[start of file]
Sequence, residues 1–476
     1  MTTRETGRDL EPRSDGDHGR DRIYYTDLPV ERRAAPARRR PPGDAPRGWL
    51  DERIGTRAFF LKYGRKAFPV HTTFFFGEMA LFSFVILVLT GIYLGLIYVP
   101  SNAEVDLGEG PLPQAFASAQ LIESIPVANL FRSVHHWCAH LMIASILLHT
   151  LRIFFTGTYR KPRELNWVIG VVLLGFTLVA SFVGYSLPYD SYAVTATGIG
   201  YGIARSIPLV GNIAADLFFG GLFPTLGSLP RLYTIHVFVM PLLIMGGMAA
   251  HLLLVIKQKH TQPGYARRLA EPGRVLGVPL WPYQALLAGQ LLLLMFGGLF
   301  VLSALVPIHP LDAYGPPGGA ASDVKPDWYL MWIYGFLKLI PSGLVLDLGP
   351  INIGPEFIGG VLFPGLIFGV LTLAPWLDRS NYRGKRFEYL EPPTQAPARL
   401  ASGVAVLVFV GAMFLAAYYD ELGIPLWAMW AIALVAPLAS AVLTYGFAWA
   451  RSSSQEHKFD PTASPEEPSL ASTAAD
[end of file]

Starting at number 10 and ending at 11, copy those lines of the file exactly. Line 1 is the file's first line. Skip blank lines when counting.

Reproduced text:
   401  ASGVAVLVFV GAMFLAAYYD ELGIPLWAMW AIALVAPLAS AVLTYGFAWA
   451  RSSSQEHKFD PTASPEEPSL ASTAAD